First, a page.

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Animate and Filter Your Jekyll Blog Posts with Isotope

Adding filter/sorting functionality to our Jekyll blog is a must these days to keep things in order. We can get that functionality easily by using Isotope and as a bonus for our efforts we get the animation effect for free since that is part of the core functionality of the Isotope library.

Here's a preview of what we can expect this guide to help us accomplish:

1.0 Installing Isotope And It's Dependencies

First off, we need to add the Isotope library and it's depencies to our project. I prefer to link my Javascript files inside the footer of my Jekyll partial:

<script src="{{ site.baseurl }}/assets/js/jquery-3.3.1.min.js"></script>
<script src="{{ site.baseurl }}/assets/js/isotope.pkgd.min.js"></script>

project/_includes/footer.html

*Notice that jQuery is a dependency here. Everything in this guide can be accomplished without jQuery by just substituting out the jQuery code with vanilla JS.

2.0 Adding Filter Funcionality To Our Posts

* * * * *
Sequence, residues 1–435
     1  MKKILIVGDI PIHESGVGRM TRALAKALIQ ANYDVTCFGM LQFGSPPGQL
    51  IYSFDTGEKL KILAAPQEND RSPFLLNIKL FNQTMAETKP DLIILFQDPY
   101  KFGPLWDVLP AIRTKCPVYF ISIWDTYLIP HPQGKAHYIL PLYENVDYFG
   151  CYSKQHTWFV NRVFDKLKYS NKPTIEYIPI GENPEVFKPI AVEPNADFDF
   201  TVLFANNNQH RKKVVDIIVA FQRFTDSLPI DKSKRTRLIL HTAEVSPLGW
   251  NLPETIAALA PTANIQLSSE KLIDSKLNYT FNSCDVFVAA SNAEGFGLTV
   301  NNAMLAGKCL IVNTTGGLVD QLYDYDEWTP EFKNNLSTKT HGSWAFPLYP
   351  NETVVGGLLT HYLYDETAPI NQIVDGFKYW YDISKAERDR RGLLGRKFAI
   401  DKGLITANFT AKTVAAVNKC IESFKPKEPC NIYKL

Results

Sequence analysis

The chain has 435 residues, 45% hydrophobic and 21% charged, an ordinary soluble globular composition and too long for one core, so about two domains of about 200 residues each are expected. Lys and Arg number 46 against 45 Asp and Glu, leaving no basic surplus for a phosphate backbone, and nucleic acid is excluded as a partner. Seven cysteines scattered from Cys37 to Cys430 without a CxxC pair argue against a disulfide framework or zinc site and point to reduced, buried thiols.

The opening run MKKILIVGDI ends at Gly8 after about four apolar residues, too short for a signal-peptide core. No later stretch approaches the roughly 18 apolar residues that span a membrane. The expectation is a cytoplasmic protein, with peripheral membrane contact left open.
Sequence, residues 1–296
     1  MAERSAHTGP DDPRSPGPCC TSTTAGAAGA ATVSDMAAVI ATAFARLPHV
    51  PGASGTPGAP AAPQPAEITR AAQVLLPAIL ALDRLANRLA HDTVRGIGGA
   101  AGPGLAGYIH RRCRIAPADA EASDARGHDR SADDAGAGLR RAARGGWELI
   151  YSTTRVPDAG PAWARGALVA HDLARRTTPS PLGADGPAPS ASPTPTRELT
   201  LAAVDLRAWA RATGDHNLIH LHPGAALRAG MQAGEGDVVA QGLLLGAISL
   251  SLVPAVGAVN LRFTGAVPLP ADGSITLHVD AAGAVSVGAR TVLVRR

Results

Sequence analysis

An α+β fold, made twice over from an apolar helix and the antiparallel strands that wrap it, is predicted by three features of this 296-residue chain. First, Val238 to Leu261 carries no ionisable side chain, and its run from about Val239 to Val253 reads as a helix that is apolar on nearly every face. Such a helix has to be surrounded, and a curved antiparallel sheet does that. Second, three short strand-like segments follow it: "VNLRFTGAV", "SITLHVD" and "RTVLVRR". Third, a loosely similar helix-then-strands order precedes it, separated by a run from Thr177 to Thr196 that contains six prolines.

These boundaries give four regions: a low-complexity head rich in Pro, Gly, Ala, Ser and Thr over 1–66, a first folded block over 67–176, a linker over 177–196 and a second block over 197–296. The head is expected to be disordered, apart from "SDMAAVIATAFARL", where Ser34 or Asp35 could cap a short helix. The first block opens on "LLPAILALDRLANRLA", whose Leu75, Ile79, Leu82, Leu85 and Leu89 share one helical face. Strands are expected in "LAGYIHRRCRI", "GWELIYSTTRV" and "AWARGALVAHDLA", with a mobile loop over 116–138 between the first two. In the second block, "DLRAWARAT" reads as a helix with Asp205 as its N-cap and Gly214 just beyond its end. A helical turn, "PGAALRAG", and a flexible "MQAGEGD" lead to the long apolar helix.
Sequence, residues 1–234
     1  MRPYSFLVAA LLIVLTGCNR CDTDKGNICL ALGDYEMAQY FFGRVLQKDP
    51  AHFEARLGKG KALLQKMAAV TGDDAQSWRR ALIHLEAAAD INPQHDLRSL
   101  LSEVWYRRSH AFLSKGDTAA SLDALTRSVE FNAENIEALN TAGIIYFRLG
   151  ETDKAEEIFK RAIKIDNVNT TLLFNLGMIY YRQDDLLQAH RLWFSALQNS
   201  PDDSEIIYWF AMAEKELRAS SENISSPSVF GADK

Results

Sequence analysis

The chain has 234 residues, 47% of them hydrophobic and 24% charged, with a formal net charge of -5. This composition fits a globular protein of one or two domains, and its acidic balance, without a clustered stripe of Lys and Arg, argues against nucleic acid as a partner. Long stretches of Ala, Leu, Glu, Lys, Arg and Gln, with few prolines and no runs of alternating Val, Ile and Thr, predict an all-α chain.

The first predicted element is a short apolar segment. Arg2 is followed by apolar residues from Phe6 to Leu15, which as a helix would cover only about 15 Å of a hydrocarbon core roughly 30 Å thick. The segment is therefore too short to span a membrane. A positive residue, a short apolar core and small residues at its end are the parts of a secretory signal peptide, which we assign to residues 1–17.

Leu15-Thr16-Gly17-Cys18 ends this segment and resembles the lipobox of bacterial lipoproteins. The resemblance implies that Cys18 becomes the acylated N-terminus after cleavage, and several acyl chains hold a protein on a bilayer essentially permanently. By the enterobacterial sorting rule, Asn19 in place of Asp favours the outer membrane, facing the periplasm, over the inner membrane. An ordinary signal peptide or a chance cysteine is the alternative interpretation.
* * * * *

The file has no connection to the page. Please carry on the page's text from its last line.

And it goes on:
At the very top of our our Jekyll posts we have our front matter which by default allows us to specify the category of our post. This is the data that we will use to tell Isotope what to filter our posts by.

---
layout: post
title:  "Sample Post"
author: Michael Arriaga
date:   2018-01-14 20:43:28 -0800
categories: guides
comments: true
---

There are two ways to let Isotope know by which attribute of our post-item html it can filter our posts by. We can either add a data-* attribute to the html of our post-link OR we can add an empty class to our posts html.

Something like this:

<li class="post-item tutorial">

For the sake of simplicity and since it allows us to take advantage of Jekyll's liquid syntax, let's add use the empty class method.

2.1 Telling Isotope What Elements To Effect

Isotope knows which elements we want to sort by searching specific classes on the parent element of our blog post list as well as each individual post.

We can specify what that class is but Isotope's documentation already has a straightforward example for us. In the Isotope docs, they use <div> elements in their example code but here I'll be using <ul> and <li> elements in the following example since our Blog posts are structured that way by default: